Grapevine: The party of the first park

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April 5, 2007 12:23
4 minute read.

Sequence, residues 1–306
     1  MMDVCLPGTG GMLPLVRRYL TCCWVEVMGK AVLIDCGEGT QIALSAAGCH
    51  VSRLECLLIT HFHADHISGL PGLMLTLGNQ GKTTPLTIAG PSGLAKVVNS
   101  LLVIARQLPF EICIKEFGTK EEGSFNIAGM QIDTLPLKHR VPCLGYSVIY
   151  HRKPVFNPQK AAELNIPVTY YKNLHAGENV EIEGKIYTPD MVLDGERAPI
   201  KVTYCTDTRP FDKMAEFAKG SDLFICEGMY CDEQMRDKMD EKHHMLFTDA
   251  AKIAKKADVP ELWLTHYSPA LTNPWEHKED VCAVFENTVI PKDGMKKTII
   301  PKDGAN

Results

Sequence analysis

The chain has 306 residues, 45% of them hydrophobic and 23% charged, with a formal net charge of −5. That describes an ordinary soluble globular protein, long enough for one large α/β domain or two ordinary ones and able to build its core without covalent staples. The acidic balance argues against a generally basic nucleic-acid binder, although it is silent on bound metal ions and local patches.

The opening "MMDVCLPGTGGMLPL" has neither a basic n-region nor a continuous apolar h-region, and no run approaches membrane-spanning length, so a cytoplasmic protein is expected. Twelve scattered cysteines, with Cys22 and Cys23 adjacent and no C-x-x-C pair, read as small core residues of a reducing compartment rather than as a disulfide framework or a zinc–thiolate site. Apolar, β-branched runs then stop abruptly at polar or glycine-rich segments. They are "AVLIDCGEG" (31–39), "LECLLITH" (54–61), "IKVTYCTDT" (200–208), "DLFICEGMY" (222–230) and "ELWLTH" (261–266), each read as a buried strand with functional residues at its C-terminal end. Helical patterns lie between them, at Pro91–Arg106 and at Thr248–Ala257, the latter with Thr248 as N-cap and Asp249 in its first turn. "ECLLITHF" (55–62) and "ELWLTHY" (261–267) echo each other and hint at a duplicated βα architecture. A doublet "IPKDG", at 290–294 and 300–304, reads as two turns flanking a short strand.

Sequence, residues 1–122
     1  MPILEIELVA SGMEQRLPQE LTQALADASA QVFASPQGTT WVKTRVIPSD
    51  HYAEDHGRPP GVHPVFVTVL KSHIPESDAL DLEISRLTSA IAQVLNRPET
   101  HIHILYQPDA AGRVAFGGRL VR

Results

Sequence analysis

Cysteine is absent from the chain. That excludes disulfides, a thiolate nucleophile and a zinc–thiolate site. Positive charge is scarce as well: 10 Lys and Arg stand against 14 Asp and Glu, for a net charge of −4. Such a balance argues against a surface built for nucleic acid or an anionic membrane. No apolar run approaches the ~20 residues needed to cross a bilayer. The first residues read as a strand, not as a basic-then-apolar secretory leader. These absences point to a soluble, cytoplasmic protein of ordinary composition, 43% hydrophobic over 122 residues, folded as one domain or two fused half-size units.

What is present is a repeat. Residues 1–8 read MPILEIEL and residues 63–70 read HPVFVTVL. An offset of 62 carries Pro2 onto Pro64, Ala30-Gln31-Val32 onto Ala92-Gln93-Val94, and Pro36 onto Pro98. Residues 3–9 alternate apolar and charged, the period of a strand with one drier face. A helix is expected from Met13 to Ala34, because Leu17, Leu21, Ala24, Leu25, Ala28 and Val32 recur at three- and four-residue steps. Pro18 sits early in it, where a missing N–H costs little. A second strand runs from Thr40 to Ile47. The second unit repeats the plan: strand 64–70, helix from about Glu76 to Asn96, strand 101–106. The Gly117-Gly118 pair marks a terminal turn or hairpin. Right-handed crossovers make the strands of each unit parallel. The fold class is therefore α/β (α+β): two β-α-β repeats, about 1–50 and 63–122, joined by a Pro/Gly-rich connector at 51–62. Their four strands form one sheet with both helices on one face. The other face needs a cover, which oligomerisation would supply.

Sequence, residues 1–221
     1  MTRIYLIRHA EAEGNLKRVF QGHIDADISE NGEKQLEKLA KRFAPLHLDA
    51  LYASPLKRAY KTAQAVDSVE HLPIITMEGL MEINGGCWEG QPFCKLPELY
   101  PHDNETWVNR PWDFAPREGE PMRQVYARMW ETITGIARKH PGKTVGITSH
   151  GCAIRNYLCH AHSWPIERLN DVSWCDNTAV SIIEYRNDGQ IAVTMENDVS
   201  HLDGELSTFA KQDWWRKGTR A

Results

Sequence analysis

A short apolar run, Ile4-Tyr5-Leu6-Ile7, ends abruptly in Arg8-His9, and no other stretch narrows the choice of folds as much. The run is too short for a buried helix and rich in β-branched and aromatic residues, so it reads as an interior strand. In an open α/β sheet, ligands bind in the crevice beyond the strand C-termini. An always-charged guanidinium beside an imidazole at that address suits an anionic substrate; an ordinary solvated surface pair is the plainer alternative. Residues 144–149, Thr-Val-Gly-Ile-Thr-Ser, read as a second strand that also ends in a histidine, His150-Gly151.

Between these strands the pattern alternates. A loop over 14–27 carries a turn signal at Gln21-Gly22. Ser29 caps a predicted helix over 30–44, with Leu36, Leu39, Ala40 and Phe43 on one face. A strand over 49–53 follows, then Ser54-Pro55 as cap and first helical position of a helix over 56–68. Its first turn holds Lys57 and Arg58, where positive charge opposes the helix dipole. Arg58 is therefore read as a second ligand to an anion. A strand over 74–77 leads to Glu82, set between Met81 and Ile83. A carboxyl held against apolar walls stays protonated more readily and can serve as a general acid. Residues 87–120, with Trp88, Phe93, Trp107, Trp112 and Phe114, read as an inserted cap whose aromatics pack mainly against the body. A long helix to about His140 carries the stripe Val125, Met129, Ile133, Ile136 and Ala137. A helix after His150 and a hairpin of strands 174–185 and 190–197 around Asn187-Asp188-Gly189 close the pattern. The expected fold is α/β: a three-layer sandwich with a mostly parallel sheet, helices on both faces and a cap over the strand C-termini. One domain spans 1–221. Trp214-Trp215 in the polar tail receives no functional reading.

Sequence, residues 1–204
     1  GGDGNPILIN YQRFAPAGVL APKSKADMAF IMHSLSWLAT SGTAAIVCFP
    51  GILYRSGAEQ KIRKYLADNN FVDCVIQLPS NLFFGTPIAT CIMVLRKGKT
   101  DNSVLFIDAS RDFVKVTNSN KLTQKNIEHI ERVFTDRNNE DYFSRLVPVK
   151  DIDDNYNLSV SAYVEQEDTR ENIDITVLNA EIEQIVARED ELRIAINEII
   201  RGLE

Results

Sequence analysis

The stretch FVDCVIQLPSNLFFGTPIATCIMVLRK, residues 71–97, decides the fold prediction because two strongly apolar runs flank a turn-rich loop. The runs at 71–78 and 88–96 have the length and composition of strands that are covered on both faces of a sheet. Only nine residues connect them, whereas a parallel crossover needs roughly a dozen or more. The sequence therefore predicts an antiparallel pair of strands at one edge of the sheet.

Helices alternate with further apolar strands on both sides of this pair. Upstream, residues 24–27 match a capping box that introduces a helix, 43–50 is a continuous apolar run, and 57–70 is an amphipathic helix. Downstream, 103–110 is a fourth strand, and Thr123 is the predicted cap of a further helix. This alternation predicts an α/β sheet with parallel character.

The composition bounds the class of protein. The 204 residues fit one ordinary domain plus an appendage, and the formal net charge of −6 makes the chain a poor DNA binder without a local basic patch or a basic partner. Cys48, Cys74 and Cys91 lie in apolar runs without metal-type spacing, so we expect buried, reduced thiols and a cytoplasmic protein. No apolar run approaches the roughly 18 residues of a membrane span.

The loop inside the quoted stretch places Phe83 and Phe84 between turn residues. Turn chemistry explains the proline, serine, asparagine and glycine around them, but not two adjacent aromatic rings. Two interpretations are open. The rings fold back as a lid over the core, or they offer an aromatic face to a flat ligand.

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IF YOU can't find a place to park, you might miss out on the party. That's what happened to some of the guests who had planned to attend the party that Tel Aviv's incorrigible and impetuous hostess Alice Krieger held in honor of Jordanian Ambassador Ali Hamdan Alayed. Parking spots are few and far between in Krieger's North Tel Aviv neighborhood, and some of the invitees, who were driving around in circles in futile attempts to find a place, finally gave up and missed the party. Maha Nahar, who has been the director of the office of every Jordanian ambassador since Marwan Muasher (the first one) presented his credentials in 1995, has white diplomatic license plates, but that didn't prevent her car from being towed away. Nahar had made the mistake of parking in the private spot of one of Krieger's neighbors. The man returned home, was understandably annoyed, and drove around looking for another place to park but couldn't find one - so he called the authorities. Well-known lawyer Michael Fox and his wife Sheila were just leaving Krieger's party when the tow truck arrived. Fox rushed back inside to warn Nahar - but it was too late. By the time they got to the street, the car was gone. Fox drove Nahar to the depot for towed cars to retrieve her vehicle, but it put a bit of a damper on what had otherwise been a fun-filled evening. British-born Krieger has had a romance with Jordan ever since November 1994, when she boarded the first bus to Petra for holders of foreign passports. Not long afterward, her late father befriended one of the diplomatic representatives of Jordan here, and a few months later Krieger met Nahar and a warm friendship was formed. Krieger later returned to London, where she spent 11 years, five of which were with the Association for the Well-Being of Israeli Soldiers. It never occurred to her that Nahar would still be here when she returned. But then Krieger met Alayed, and was so impressed by his easy-going manner and friendly personality that she felt that she just had to introduce him to a wider Israeli public. When she called the embassy to make the arrangements, she was pleasantly surprised to find herself talking to Nahar - and the friendship was rekindled. Among the other guests were former foreign and defense minister Moshe Arens, Pensioners Minister Rafi Eitan, celebrated photographer Micha Bar-Am and his wife Orna, Brig.-Gen. (res.) Itzhaki Chen of the Israel Management Center, sculptor Zadok Ben-David, Tel Aviv Cinematheque director Alon Garbuz, former cabinet secretary Arye Naor, now a professor at Ben-Gurion University, and his wife Judge Miriam Naor, author Robert Rockaway, who is a senior lecturer in the Department of Jewish History at Tel Aviv University, and Yemi Strum, who heads the English-Speaking Friends of TAU. Alayed disclosed that one of the most frequent questions put to him was how he likes life here. His reply is that he regards his job as a mission. "I come from the Hashemites, who really believe in peace," he said. "We pray for peace, prosperity and security for everyone in the region." Alayed expressed the hope that there would soon be two states - Palestine and Israel - living side by side, a factor that would benefit everyone in the region. "We live in the same space and we are cousins," he said. AMBASSADOR DESIGNATE to China Amos Nadai has been spending a lot of time with China's outgoing Ambassador Chen Yonglong and his wife Shuqin Liu, because he has been invited to so many of the farewell events for Chen. Naturally when Chen and his wife hosted their own farewell at the Dan Panorama, Tel Aviv, last week, Nadai was on hand to pay tribute to Chen's contribution in solving some of the problems between China and Israel. He also noted the number of high-ranking Chinese officials who had visited during Chen's term. Shuqin Liu, who was very active in the International Women's Club and who headed Hadassah's Corps Diplomatique, has been very busy with her own round of farewells. There was a large diplomatic turnout at the Dan Panorama to wish the couple well. ASIDE FROM running around to diplomatic parties, dinners, luncheons and Foreign Ministry briefings, diplomats have been busy with their own cultural events. Hungarian Ambassador Andras Gyeng was in the audience at the Herzliya Arts Center for the premier performance here by renowned Hungarian violinist Andras Agostin, who played Beethoven's Violin Concerto with the Herzliya Chamber Orchestra, and Kazakhstan Ambassador Vadim Zverkov hosted a reception at the Tel Aviv Cinematheque prior to the screening of Nomad, a historical epic set in 18th-century Kazakhstan. IT APPEARS that nothing can keep former Canadian ambassador Michael Bell away from the country in which he spent nine years. Bell originally came here in 1975 as consul and first secretary at the Canadian Embassy, and subsequently returned for two separate stints as ambassador. He retired after a 36-year career in Canada's foreign service and took up a two-year position as a senior scholar at the Munk Center for International Studies at the University of Toronto. He and his wife Linda were just tired of moving and wanted to put down roots. Bell will be one of the speakers at a mid-April symposium on Jerusalem organized by the Jerusalem Institute for Israel Studies.

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